1. Nesbitt, Tonesia

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Being a single mother is not easy, let alone being the single mother of a child with multiple disabilities. When my daughter was born 9 years ago, the doctors were not certain she would live. Within the first hours of her life, she was given an electroencephalogram and was diagnosed with epilepsy and cerebral palsy. After 2 weeks in neonatal intensive care, Mary was finally cleared to go home. I felt relieved but full of questions.


One question was: Why did I have to speak to a psychiatrist and a social worker? These were people I would rather not deal with-ever! As a child I was aware of how these "professionals" were nosy, judgmental, and ruined people's lives. So, needless to say, I was not exactly thrilled to talk to either one. Because I had to, I limited the conversation as much as humanly possible. I did not trust the social worker because she said: "Perhaps you should consider other options because of your lack of experience in caring for a child with Mary's needs." It hurt. I loved Mary and knew I was the best person to care for her.


By the grace of God, a lot of those "what if" questions were answered when we went home. That is when we met Krystal, a sweet and informative home care nurse. Originally, I thought this was a joke. How in the world could she help us and what was her angle? I proceeded with caution, but as Krystal explained the resources that were available for Mary, I began to feel more at ease-even hopeful. I no longer saw her as an evil outsider ready to pounce, but as a friend in a time of need. Things went so well that my entire family liked her. Believe me, that is not an easy thing to accomplish because we believe in taking care of our own. We always survived and thrived together; help from outsiders was never necessary.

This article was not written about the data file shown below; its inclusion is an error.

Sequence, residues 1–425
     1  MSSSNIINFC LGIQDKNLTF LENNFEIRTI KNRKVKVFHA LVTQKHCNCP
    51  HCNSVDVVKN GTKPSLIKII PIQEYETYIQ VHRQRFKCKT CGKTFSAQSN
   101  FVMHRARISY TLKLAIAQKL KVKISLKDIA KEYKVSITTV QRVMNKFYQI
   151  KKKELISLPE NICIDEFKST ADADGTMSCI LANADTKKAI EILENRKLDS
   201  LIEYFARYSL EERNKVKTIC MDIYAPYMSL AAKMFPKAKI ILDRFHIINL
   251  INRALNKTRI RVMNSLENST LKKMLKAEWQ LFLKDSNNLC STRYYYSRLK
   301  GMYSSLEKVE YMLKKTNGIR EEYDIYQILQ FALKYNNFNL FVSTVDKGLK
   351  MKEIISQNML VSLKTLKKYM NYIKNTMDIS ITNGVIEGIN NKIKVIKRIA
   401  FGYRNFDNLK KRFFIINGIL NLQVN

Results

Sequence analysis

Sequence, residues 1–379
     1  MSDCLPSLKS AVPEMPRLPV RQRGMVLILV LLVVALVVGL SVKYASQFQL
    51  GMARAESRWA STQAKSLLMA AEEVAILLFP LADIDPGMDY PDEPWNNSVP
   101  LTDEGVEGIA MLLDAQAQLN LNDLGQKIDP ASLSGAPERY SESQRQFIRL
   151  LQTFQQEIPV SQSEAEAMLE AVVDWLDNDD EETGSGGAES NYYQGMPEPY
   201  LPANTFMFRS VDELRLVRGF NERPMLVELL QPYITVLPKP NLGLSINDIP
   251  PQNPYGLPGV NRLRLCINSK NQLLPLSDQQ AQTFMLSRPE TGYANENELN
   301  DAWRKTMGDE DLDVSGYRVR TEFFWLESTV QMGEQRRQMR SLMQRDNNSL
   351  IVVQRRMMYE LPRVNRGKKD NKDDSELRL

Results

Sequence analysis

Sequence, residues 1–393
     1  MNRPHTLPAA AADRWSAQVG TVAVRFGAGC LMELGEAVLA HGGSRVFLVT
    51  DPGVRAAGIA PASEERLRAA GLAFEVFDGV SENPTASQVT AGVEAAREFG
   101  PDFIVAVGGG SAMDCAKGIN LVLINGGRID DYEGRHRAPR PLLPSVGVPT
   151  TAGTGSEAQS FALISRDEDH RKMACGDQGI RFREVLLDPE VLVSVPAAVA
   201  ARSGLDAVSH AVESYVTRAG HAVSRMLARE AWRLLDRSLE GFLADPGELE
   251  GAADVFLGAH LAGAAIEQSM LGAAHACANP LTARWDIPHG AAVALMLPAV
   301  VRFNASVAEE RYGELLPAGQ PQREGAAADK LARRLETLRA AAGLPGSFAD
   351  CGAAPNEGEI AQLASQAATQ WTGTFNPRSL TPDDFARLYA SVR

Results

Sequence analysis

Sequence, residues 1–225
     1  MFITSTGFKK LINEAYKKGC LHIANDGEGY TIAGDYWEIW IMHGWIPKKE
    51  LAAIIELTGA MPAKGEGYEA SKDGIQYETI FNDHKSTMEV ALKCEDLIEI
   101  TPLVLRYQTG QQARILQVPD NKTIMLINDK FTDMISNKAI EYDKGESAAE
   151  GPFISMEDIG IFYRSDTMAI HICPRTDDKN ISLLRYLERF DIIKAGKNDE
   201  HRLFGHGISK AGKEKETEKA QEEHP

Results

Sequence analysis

As time passed, I looked forward to her visits and seeing Mary's progress and weight gain. Krystal was well intentioned and very helpful. So much so, that by the time 6 months passed, she felt her services were no longer needed because we exceeded her expectations. Although it was sad to see her go, she left an everlasting impression on me. A nurse is a friend to the sick and a valuable resource.


Therefore, by the time the second storm hit me 4 years later, I was ready and prepared to accept nursing support again. After 2 weeks in the hospital due to respiratory complications, Mary was discharged home with IVs. Two nurses offered comprehensive training with demonstrations and a positive attitude. They gave me further understanding of nursing. Their instructions on how to maintain my child's health were clear. They were also personable, telling me where they went to nursing school and how much they liked it. From the very first visit, they showed themselves to be caring and trustworthy.


My experiences with Krystal and the nurses from home care inspired me to pursue nursing as a career. I value the insight and knowledge gained from them. I see that nursing is so much more than bed pans and needle sticks. Instead, it's an opportunity to make a difference when it matters the most. So, thank you Krystal for helping to "right" this part of my story, our story, and I pray to one day be the nurse who can offer help in the time of someone else's need.